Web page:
The father of Otto Warmbier, a 22-year-old American citizen who was imprisoned in North Korea for over 17 months, said during a press conference Thursday that the Obama administration advised him and his wife to stay quiet about the situation facing their son so that they wouldn't "offend" the North Koreans.
Warmbier, a University of Virginia student who grew up in Ohio, was released by the North Korean government earlier this week and is now receiving medical care at the University of Cincinnati Medical Center. The North Korean government claims that they released Warmbier, who they charged as a war criminal on accusations that he removed a poster of former dictator Kim Jong Il while on a tour of the isolated nation, for humanitarian reasons due to the fact that he is in a coma.
Although the North Korean regime claims that Warmbier's coma is a result of botulism and a sleeping pill, Warmbier's dad, Fred Warmbier, asserted during the press conference at his son's old high school in Wyoming, Ohio, that his son was brutalized and terrorized by his captors. A hospital spokesperson also stated Thursday that Warmbier had suffered "severe neurological injury."
"Even if you believe their explanation of botulism and a sleeping pill causing the coma, and we don't, there is no excuse for any civilized nation to have kept his condition secret and deny him top-notch medical care for so long," Warmbier told reporters.
"North Korea is a pariah regime, they are brutal and they are terroristic," Warmbier added later in the press conference. "You can't believe anything ... We don't believe anything they say. We see the results of their actions with Otto."
It is believed that Warmbier has been in a coma since shortly after his trial in March 2016.
During his opening remarks, Warmbier explained that when his son was first detained by North Korea in the end of 2015, he and his wife, Cindy, were advised by the "past administration to take a low profile while they worked to obtain his release."
"We did so without resolve. Earlier this year, Cindy and I decided that the time for strategic patience was over. We made a few media appearances and travelled to Washington to meet with Ambassador Joe Yun at the State Department," Warmbier said. "It is my understanding that Ambassador Yun and his team, at the direction of the president [Donald Trump], progressively pursued resolution of the situation. They have our thanks for bringing Otto home."
Later in the press conference, Warmbier declared that "we did what we could."
"We tried to stay low. We were advised that it was important that you don't upset the North Koreans," Warmbier said. "So, we followed that logic and there came a time when that doesn't seem to have any impact. So, we went public with an interview on Tucker Carlson's show and we did a couple of written pieces and very quickly, we have Otto home.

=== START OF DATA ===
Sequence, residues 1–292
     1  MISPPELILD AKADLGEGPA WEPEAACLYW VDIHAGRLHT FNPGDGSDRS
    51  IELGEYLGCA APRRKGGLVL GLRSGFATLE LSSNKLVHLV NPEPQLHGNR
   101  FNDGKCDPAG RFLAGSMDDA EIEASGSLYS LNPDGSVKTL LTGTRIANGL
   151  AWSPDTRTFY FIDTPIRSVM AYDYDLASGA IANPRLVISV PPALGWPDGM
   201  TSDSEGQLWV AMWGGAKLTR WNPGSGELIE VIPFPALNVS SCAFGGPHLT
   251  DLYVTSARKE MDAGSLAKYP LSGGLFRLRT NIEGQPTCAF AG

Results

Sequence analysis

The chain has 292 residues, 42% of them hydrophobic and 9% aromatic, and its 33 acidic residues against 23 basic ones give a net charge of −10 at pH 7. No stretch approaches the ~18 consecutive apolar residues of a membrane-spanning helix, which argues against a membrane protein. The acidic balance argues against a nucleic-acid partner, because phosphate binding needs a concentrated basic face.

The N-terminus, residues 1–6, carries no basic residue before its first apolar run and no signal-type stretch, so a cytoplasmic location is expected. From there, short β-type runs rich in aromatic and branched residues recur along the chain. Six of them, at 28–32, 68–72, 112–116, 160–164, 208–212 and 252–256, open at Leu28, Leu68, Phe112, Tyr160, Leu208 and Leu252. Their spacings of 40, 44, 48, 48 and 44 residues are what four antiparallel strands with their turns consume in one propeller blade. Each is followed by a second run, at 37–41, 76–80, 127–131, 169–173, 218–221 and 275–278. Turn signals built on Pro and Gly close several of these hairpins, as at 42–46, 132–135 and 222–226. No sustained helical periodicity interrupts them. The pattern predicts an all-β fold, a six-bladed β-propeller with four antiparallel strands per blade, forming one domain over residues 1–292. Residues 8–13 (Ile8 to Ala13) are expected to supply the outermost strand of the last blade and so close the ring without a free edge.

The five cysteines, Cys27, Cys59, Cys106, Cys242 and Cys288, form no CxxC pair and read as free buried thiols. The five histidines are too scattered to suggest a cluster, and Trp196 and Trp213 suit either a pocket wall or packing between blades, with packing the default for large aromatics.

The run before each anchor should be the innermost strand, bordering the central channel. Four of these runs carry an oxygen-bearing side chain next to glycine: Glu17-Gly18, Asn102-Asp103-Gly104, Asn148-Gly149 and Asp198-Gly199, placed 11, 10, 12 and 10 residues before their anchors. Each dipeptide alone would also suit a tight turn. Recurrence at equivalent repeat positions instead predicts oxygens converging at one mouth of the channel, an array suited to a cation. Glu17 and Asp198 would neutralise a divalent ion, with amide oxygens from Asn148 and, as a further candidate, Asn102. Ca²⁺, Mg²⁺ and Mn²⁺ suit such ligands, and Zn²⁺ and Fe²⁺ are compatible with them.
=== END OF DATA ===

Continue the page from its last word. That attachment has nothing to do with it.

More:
"We [the Warmbier family] are not burdened with whatever North Korea says or does at this point," Warmbier added later when answering a reporter's question. "And, I am so happy for Cindy, myself, my community, this community has been amazing. ... We have been forced to be quiet and act different because we didn't want to offend them."
Warbier was explicitly asked during the press conference whether he believed the Obama administration did enough to help them secure the release of their son.
"Well, the results speak for themselves," Warmbier responded.
Warmbier was also asked if he ever had a face-to-face meeting with President Barack Obama.
"Never, never, absolutely not. No," Warmbier answered.
However, Warmbier said that he did talk with President Trump Wednesday night.
"President Trump called me at say 10 o'clock last night and just wanted to find out how Cindy and I were doing and wanted to find out about Otto," Warmbier explained. "It was a really nice conversation. It was kind. It was, 'Are you taking care of yourself? We worked hard and I am sorry this is the outcome.'"
"He told me a little bit about how Secretary [Rex] Tillerson and Joe Yun teamed up and they made things happen," he continued. "He was very candid and it was a nice conversation. To be honest with you, I had avoided conversations with him because they were to what end. I am dealing with my son. This is about Otto. I did take the call and it was gracious, it was nice and felt good and I thank him for that."
Warmbier added that he is happy to have his son home on "American soil."
Warmbier didn't give any medical update on his son and pointed out that there will be a press conference later in the day Thursday in which doctors will give an update on his son's medical condition.
Warmbier also warned about the dangers of going on tours of North Korea offered by Chinese companies like Young Pioneers Tours.
"The North Koreans lure Americans to travel to North Korea via tour groups that are run out of China who advertise slick ads on the internet proclaiming that 'No American ever gets detained off our tours' and 'This is a safe place to go,'" Warmbier said. "They lure Americans and then they take them hostage and they do things to them. That is what happened to my son. He was taken hostage at the airport as he was trying to leave the country and then, he was put through the trial, as we have all seen."